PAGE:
I want to be a dental dunce. I really, really do. The first of my wisdom teeth has declared a very conspicuous appearance, and it’s making me believe that the person who christened these mofo molars as such was probably the same one who came up with that adage, “ignorance is bliss”. I’d rather be a dental dunce than be equipped with intelligent enamel.
Given that like all offspring of doctors, I am predisposed to mild hypochondria (again, strictly genetic – my father looked at a recurring heat boil I had on my knee at 10 and pronounced that I had cancer), a disbelieving friend raised an emoticon eyebrow. “Just wondering if it’s real wisdom or a bad ulcer,” he typed.
Which is ridiculous. Everybody knows that real wisdom can only come from deep reflection, autodidactic curiosity, and a generous infusion of ayahuasca (substitutable by chocolate where required by law).
Wisdom teeth, however, are less discerning. They come inconveniently – like when someone suddenly calls and wants to put your mumbled statements down on record for the press. And when your friends want to treat you to a fancy celebratory lunch (of course, one can always drink the pain away, ahem). They also swell up your cheek – on your good side, too! – so that you’re forced to do that fabulous photo shoot like some demented supermodel gone kawaii-style, all sucked in cheeks and carefully-positioned sign language.
I’ve been flexing my jaws more often than, well, a venus flytrap. It hurts to keep my mouth closed. But it also hurts to eat, to swallow, and to talk, in roughly equal measure as it hurts to do none of those things. I have one hand perpetually on my cheek, open-mouthed, like some perpetually gasping, pouting heroine. Or a goldfish with a hand. Growing wisdom teeth just bites – and not in any good ways.
I suppose by this point you would have realized that my ironically idiotic ivories are coming out only on one side of my face. This is probably a saving grace of some sort. For instance, you only need half your face to be on a postage stamp, throw an attractive silhouette, and be drawn in hieroglyph. All useful distractions when one does not have the mercy of anesthesia or anything but evolutionary glitches to blame.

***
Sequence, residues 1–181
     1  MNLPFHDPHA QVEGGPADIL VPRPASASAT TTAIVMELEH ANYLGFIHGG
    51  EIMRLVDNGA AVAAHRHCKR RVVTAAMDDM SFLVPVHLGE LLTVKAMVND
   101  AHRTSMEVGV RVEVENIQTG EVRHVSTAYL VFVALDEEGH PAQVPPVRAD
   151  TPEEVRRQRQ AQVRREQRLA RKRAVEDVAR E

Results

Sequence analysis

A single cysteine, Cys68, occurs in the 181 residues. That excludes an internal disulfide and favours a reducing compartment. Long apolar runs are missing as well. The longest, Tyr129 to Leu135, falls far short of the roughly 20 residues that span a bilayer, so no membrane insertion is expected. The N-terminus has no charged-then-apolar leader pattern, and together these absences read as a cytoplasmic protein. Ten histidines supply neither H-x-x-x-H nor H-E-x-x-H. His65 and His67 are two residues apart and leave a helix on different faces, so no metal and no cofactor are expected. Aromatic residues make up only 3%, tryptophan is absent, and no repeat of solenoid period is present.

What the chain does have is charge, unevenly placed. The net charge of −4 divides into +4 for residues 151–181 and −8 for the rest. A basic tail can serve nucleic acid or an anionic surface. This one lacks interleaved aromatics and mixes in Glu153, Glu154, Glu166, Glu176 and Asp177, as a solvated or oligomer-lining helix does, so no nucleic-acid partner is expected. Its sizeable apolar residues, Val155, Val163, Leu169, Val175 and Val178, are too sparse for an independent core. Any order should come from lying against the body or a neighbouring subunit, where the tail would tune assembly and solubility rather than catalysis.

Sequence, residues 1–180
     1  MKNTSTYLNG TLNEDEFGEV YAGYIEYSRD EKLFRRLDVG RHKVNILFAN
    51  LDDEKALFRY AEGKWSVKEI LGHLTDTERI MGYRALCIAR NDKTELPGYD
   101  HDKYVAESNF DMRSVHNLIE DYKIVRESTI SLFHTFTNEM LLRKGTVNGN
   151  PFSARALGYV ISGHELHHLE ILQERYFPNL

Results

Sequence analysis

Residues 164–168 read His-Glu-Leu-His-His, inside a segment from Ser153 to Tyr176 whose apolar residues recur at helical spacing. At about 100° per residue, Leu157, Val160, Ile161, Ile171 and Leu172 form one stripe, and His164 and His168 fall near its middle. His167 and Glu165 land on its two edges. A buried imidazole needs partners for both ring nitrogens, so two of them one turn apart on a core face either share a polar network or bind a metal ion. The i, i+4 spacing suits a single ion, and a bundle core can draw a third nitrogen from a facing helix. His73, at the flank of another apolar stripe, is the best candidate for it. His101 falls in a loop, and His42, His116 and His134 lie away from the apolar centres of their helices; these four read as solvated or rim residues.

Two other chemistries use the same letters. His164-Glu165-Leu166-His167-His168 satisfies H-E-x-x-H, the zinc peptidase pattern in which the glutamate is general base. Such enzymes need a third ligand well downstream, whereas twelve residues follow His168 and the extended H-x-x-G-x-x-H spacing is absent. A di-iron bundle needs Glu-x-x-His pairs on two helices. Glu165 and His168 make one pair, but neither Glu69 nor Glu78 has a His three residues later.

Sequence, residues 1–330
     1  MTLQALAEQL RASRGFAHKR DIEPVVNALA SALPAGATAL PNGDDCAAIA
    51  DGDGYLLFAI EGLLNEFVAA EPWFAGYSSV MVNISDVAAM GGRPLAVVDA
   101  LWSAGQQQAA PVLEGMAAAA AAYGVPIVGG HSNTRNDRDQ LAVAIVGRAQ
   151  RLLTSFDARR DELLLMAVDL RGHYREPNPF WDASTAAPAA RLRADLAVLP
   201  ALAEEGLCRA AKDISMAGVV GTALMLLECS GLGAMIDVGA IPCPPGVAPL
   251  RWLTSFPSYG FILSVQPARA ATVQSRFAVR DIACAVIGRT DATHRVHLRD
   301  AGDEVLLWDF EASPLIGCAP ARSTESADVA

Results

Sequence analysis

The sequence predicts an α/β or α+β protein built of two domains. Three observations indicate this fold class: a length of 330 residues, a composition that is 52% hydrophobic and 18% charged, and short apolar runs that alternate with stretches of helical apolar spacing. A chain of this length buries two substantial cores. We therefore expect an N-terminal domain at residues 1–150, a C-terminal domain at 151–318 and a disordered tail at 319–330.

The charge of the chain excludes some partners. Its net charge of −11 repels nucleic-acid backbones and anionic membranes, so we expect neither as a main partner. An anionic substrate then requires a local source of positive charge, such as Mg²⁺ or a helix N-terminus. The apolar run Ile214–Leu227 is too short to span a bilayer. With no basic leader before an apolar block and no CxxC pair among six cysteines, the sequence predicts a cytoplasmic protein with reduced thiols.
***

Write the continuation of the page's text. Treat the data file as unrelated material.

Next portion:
Wisdom teeth are supposed, both in folklore and etymologically across the world, to signify the development of sound judgment. I would have to say they’ve certainly helped me make some sensible decisions. I’m too sore to think of clever arch remarks, so now I just say, “My wisdom teeth are coming, so goodbye”. And no more wasting time trying to settle on where or what to eat. I just go home and sniffle into some lukewarm soup while the mutton curry sits in the fridge, as tempting as Eve’s apple. If it’s bigger than a piece of fusilli, I can’t put it in my mouth. Something tells me that the tooth fairy is really an anorexia enabler.
And it’s not like I even actually need them. After all, I’ve been masticating, speaking and avoiding dentists to great success for nearly 23 years. If I must grow new teeth anywhere, I’d rather have vagina dentata anyway (for reasons not to be held against me if you look like Gael Garcia Bernal or Salma Hayek).
So really, I would rather be foolishly fanged and dentally retarded than have the sullen, starved sagacity of wisdom teeth. Life should be devoured in healthy slices, not in timid little slurps. And I am very, very hungry for it.
An edited version appeared in The New Indian Express. “The Venus Flytrap” is my column in the Zeitgeist supplement. Previous columns can be found here.